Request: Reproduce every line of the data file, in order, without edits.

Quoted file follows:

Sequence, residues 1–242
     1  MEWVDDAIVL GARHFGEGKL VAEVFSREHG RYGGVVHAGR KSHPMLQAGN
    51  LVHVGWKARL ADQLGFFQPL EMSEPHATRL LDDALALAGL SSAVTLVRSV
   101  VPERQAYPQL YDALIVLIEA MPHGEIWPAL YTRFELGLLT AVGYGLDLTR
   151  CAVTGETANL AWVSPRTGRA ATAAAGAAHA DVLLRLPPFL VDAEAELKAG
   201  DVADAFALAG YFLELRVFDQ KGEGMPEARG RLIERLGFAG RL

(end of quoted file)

Sequence, residues 1–242
     1  MEWVDDAIVL GARHFGEGKL VAEVFSREHG RYGGVVHAGR KSHPMLQAGN
    51  LVHVGWKARL ADQLGFFQPL EMSEPHATRL LDDALALAGL SSAVTLVRSV
   101  VPERQAYPQL YDALIVLIEA MPHGEIWPAL YTRFELGLLT AVGYGLDLTR
   151  CAVTGETANL AWVSPRTGRA ATAAAGAAHA DVLLRLPPFL VDAEAELKAG
   201  DVADAFALAG YFLELRVFDQ KGEGMPEARG RLIERLGFAG RL